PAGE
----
Video of the Day

On May 5th, 1991, President George H. W. Bush was rushed to Bethesda Naval Hospital after suffering from an irregular heartbeat following his morning jog.

The next day, Rabbi Avrohom Shemtov, the Shliach in Philadelphia and the Rebbe’s representative to Washington, DC, asked the Rebbe for a blessing for the President’s health.

The Rebbe noted that the method for praying for a non-Jew is with their father’s names (as opposed to Jews, who evoke God’s blessings with their mother’s names). The Rebbe then replied with a blessing, as well as urging the president to further peace in the mid-east.

The Rebbe’s next remark seems to foreshadow the Bush Administration’s eventual opposition to providing Israel with loan guarantees, with the Rebbe urging that they at least not minimize the US’s support of Israel.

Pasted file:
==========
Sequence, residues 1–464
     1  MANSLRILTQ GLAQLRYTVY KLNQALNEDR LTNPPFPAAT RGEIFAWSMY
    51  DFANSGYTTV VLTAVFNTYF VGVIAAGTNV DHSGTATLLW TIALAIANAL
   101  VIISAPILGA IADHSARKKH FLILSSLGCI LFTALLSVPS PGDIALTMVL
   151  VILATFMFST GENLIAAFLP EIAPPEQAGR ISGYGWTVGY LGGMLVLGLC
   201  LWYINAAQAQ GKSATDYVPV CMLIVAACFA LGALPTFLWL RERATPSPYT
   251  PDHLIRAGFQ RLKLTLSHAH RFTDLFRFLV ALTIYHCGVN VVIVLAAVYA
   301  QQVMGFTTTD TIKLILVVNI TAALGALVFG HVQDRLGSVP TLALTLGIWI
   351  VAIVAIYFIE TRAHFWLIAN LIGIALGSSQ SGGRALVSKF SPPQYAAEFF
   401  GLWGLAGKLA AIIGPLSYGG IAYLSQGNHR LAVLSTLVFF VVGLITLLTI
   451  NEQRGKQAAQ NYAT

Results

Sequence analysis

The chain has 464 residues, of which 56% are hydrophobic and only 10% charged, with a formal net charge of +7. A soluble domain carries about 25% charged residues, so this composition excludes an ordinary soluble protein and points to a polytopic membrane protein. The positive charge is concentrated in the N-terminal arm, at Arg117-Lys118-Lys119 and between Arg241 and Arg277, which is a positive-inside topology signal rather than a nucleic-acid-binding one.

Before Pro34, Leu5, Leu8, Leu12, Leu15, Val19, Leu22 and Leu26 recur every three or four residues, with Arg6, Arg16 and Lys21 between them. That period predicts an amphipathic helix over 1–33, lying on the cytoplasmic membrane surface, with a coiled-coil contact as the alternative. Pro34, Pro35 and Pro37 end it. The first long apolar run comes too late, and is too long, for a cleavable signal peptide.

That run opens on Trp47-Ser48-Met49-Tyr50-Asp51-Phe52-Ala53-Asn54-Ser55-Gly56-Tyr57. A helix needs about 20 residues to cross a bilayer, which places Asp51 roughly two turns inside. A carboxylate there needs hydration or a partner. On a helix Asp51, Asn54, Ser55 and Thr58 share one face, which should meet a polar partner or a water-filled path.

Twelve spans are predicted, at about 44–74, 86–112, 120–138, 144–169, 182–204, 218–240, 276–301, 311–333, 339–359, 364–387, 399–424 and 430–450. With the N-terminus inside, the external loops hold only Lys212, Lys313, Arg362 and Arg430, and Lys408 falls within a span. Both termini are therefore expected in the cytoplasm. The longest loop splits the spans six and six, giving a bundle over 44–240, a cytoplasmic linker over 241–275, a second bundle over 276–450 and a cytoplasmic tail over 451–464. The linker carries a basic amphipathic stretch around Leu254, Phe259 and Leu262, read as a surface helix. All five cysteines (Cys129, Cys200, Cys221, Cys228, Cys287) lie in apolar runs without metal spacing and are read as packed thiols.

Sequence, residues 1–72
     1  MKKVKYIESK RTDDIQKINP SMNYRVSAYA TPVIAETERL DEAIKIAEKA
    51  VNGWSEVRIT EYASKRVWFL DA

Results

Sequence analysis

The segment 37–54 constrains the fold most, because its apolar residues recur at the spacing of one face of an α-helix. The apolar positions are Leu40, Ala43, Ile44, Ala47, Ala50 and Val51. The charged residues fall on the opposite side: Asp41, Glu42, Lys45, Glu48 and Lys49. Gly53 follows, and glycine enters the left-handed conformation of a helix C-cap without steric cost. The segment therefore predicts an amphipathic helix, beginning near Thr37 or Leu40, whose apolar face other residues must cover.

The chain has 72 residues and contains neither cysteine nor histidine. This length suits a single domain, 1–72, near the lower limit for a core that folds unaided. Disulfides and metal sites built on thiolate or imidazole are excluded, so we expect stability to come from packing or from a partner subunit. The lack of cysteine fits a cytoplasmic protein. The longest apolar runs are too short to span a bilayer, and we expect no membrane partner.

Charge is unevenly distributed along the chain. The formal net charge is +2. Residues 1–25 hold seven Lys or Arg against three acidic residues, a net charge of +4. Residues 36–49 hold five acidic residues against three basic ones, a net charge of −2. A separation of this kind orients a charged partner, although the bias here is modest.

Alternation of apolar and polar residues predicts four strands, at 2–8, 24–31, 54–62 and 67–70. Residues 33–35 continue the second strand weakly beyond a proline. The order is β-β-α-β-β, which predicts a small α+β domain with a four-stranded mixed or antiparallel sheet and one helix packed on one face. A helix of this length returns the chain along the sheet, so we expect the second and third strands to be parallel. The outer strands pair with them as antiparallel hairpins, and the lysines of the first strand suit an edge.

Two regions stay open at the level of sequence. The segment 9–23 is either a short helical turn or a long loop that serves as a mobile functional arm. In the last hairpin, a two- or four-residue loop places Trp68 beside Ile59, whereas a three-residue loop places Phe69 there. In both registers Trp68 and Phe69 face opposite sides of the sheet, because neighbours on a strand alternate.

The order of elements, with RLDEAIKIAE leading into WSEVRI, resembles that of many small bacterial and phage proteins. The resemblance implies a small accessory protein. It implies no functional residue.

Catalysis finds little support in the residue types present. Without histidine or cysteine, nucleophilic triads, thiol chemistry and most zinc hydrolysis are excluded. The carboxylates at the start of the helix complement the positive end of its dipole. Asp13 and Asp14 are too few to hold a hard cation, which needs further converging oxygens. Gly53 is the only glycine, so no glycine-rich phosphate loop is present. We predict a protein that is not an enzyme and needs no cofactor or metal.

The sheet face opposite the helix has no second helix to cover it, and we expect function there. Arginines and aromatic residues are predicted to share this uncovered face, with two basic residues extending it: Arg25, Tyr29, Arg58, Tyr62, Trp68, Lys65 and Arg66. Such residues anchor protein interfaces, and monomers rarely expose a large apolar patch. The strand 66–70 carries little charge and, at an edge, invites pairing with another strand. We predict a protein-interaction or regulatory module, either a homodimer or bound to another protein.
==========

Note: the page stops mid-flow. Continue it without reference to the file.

video courtesy of JEMedia

5 Comments

  • 2. So interesting! A question... wrote:

    What about when the non-Jew’s father is a Yid (who of course married a non-Jew)? Do we do the same when asking for blessings for the non-Jew, i.e., Catherine the daughter of Shmuel?

    Reply
  • 4. Response wrote:

    Yes, father’s name. A yiddishe neshomo comes to a person through their mother and we want to bring out the neshomo more when a brocho is needed, so we use the mother’s name. This would not apply to a goy who does not have a yiddishe neshomo, so we do not use the mother’s name.

    Reply
    • 5. יצחק הכהן בלבין wrote:

      In Brisk the Minhag was always to use the father’s name

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